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Citroen 2CV

Published: 14th Jul 2014 - 0 Comments - Be the first, contribute now!

Citroen 2CV
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You’re unlikely to turn a Citroën 2CV into a GTI-eater but you can sure make one a lot more fun and useable on modern roads at little cost; the looks on other drivers’ faces will be priceless! IMAGES BY MAGICCARPICS.CO.UK

Let’s be honest – the Citroën 2CV was never designed to do the ton or chase Ferraris across country.

But there’s a surprising slice of hidden performance in these ‘tin snails’ yet without compromising economy or reliability. Or you can go the whole hog and build a racer for £3000 or less – watch out Lewis Hamilton!


The chief concern is to make sure that the car is up to setting new land speed records. Rust is the major worry but the good news is that new chassis frames can be had for less than £500 or a fully galvanised, better, tougher and stiffer alternative for £550 from Ken Hanna (01757 638469). If the chassis is past it or distorted, especially if bad behind the front axle, then its ‘twisting’ has an adverse effect on the steering, as well although it’s more likely to be seized king pins. Also check the chassis legs can be prone to break if that far gone.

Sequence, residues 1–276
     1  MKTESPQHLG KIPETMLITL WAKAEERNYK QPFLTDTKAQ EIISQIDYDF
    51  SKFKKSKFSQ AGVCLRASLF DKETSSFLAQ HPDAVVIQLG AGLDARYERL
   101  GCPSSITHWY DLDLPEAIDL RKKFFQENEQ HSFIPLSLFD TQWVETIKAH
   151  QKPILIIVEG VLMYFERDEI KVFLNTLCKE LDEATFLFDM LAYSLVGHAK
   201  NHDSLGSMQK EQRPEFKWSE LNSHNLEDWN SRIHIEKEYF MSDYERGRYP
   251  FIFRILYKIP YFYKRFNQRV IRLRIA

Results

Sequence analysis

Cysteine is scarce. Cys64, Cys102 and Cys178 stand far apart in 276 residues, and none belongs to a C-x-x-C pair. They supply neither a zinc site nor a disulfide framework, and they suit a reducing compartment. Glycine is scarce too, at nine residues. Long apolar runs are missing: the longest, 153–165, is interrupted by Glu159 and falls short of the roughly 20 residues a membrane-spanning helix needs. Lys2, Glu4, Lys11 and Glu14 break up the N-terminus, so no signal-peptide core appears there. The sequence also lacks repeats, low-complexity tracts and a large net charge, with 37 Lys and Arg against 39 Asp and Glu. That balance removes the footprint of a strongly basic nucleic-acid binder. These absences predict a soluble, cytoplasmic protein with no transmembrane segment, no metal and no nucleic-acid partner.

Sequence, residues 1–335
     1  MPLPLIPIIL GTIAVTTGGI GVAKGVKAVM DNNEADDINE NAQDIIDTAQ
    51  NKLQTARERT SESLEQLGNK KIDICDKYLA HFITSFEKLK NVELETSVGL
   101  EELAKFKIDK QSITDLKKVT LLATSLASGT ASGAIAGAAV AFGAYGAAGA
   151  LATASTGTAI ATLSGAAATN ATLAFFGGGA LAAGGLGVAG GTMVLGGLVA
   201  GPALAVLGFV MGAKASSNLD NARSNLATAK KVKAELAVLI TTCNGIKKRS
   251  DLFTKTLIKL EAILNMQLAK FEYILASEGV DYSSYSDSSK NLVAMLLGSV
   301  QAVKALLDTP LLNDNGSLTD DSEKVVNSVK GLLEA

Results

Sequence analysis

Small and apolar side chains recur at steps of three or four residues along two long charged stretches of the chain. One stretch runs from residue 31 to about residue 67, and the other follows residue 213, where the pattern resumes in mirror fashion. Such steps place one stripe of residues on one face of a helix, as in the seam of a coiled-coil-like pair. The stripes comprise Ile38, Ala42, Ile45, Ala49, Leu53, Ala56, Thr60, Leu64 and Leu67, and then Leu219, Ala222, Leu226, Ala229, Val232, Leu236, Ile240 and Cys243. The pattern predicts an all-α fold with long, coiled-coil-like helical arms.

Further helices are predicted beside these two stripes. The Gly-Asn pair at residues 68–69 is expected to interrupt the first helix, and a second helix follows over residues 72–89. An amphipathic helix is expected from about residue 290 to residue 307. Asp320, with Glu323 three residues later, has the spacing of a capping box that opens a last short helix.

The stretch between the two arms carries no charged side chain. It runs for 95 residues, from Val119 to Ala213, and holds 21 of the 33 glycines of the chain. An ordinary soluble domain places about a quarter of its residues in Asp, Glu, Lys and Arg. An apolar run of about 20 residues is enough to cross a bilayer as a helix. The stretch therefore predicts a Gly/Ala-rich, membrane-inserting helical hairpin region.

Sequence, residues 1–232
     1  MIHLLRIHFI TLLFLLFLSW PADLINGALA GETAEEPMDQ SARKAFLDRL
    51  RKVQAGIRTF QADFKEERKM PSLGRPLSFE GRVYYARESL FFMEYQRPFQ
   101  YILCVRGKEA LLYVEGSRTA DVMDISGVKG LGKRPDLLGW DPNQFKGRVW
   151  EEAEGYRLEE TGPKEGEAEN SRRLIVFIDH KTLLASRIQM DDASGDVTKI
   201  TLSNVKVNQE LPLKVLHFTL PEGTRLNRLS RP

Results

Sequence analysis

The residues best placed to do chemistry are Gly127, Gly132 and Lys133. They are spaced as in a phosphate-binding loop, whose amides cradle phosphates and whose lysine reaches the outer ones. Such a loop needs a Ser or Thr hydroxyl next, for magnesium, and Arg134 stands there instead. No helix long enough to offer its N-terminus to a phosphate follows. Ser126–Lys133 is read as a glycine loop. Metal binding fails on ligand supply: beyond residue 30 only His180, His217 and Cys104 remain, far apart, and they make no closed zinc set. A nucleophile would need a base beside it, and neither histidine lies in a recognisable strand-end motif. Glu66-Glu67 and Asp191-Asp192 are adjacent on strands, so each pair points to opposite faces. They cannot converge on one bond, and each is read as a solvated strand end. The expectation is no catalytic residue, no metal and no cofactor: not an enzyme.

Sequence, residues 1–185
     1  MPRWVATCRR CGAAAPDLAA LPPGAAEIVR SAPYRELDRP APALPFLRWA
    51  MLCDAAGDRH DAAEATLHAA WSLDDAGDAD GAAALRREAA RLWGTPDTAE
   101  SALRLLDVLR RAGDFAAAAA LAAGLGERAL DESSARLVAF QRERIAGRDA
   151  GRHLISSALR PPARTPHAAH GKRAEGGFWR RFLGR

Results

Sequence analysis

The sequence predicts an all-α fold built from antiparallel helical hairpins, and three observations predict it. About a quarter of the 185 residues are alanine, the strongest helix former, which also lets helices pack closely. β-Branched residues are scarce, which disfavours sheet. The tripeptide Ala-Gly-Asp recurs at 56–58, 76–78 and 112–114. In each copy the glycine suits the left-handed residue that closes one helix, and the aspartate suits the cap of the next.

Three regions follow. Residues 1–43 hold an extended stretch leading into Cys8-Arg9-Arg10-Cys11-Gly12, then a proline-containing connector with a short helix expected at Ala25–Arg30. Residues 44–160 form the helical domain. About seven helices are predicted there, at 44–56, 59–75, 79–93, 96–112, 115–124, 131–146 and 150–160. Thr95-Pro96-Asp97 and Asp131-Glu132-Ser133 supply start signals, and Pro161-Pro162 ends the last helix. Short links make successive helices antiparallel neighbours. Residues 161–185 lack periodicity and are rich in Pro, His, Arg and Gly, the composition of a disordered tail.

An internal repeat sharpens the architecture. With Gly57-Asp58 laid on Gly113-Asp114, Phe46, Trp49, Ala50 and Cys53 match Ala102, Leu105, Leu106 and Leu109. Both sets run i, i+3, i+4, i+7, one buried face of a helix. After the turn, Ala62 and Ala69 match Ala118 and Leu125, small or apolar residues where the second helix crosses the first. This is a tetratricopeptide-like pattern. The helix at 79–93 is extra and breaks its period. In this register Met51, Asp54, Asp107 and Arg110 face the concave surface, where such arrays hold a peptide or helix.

Before you start tweaking the engine, make sure it’s in decent shape. It relies on its oil to keep cool and overheating ruins the pistons. A recon engine from specialists ECAS 2CV Parts costs around £1000 and may be a cost-effective investment. The transmissions can be weak but it’s mostly down to the selector rings becoming unscrewed.


Don’t expect dramatic gains from the 30bhp 602cc engine – you are looking at 10-15bhp at best but that’s a big percentage gain. The lazy way out is to buy a fully tuned. reconditioned engine and German experts STP sells a Rallye unit boasting 720cc packing some 40bhp. It costs around £2000 however but one benefi t is that it will run smoother as the crank will be balanced, something Citroën wasn’t too fussed about, it seems! Don’t assume that the similar 652cc Visa engine is a simple swap either because it’s a different shape and so entails a lot of mods to fi t properly say the experts. The engine has a different performance characteristic warns ECAS.